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Massive carbon dioxide pipeline planned

Plans have been put forward to create a massive pipeline to carry 2M.t of carbon dioxide across the country as part of a carbon capture and storage scheme.

A trio of energy companies — Scottish Power, National Grid and Shell UK — are working together on the pipeline proposal.

National Grid would transport the carbon dioxide captured at ScottishPower’s Longannet power station to St Fergus, Aberdeenshire, where it would be transported offshore to be stored in Shell’s depleted gas field in the North Sea.

The work would include building a new 18km long pipeline from Longannett power station, as well as converting an existing natural gas line which runs from Falkirk to Peterhead.

A National Grid spokeswoman said: “We provide the expertise in the transportation of carbon dioxide gas through a combination of new and existing pipelines.

“The existing 280km pipeline will require a change of use from natural gas to transport carbon dioxide instead.

“Work will begin on the new pipeline in 2014, with the overall aim to deliver a full chain post-combustion carbon capture and storage scheme in 2015.”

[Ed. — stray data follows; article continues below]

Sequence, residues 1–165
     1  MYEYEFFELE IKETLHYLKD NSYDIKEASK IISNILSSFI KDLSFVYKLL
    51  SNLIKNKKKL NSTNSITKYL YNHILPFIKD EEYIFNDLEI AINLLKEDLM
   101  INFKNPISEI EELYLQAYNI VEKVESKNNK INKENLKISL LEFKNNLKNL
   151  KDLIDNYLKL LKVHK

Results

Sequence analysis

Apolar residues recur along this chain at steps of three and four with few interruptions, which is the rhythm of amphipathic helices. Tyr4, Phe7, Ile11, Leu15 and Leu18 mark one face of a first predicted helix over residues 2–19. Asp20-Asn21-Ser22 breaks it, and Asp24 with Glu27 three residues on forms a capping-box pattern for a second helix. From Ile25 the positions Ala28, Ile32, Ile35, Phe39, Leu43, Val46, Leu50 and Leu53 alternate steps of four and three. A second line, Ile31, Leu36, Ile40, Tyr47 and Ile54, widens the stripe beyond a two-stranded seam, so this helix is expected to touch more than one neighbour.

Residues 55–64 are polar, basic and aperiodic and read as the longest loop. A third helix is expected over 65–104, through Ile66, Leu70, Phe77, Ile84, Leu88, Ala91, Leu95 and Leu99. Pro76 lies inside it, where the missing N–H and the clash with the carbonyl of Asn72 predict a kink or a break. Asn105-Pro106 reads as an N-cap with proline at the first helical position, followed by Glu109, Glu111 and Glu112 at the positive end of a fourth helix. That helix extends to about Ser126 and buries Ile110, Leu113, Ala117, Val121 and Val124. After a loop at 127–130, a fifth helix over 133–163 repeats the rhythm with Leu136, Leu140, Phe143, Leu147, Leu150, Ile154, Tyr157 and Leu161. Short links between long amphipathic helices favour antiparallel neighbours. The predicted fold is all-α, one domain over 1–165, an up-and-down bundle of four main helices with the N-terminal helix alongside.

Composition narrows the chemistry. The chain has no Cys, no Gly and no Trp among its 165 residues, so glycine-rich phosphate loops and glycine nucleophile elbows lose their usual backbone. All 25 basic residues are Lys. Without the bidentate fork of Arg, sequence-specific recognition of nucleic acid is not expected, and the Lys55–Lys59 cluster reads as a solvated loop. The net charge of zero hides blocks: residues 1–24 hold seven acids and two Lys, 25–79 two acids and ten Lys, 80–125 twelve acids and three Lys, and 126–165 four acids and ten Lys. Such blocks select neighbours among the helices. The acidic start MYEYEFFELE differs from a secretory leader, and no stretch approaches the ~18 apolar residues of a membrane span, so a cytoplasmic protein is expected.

National Grid said they have been in discussions with the public for over a year and has just completed its second round of public information days about the pipeline proposals.

Readers' comments (1)

  • Storing CO2 under the North Sea could have unfortunate consequences for future generations. That would not be fair to them. Sea water percolates into underlying formations, so a CO2 – H2O interface appears to be unavoidable. It could form carbonic acid, which could lead to increased North Sea acidification. The project should not proceed.

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